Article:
I’m sure you’re thinking “what the heck is that picture all about?” Well, it describes what happens in someone’s brain that is not in chronic pain, and what happens when you’ve had pain for a long time.
Here’s the idea: When you’re feeling good and you’re healthy but then have an injury, your brain releases a bunch of chemicals to fight things off and address the issue. Chemicals like serotonin, endorphins, etc. BUT, when you’re in chronic pain and you have a new injury or have some danger messages coming in, your brain does not release the same chemicals in the same volumes. So, your body's ability to fend things off and regulate the response diminishes.
So, what do we do with that? Well, knowing this, and knowing what things you can do to increase those chemicals is a good place to start. I’m going to give you 3 things you can do right now to increase your body's production of these positive chemicals.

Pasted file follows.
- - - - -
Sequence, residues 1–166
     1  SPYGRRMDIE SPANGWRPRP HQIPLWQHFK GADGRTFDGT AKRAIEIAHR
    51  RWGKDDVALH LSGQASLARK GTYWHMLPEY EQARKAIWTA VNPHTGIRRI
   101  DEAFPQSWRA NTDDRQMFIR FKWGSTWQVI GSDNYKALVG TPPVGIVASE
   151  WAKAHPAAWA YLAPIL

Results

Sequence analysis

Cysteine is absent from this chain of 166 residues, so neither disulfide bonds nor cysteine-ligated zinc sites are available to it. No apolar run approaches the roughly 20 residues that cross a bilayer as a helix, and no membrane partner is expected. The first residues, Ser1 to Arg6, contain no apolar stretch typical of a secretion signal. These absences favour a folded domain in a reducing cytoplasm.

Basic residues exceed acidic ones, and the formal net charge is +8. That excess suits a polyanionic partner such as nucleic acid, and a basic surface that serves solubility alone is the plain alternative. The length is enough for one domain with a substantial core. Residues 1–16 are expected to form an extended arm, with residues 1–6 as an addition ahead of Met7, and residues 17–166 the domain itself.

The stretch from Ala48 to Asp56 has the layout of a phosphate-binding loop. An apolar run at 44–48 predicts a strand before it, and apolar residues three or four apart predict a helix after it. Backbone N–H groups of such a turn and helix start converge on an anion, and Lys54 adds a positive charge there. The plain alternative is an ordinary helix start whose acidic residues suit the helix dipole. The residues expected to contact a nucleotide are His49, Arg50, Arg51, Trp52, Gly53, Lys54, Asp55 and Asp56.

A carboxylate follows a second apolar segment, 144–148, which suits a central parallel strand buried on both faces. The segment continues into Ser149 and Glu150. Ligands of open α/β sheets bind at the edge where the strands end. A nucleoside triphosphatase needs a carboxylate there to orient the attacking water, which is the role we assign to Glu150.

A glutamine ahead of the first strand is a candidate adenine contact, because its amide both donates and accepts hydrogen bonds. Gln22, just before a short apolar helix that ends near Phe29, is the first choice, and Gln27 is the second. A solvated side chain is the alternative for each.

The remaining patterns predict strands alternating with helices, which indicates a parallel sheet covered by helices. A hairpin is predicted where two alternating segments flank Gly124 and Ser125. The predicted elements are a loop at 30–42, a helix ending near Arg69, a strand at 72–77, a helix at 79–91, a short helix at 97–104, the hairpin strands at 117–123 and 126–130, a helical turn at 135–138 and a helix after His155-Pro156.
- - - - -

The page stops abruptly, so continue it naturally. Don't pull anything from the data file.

NUTRITION. Eating foods like turkey and salmon that are high in tryptophan can help increase your serotonin levels. These foods have high concentrations in other amino acids as well, which will help the tryptophan get absorbed.
SUNSHINE. Typically these ‘happy’ chemicals are higher in summer and lower in the winter. Getting outside and enjoying a lot of natural light will help increase your positive chemicals and potentially regulate your pain better.
EXERCISE. Studies show that exercise can have a lasting effect on your endogenous chemicals and help fight chronic pain as a first-line defense. Be sure to find the exercise that you tolerate well, enjoy, and don’t flare up your pain.
Try these few things to begin feeling better and taking control of your chronic pain, but understand that dealing with chronic pain is an exceptionally challenging and complex feat and won’t be fixed with some simple advice. It takes a specialized approach, time, and hard work. Please let us know if you have any questions about your chronic pain.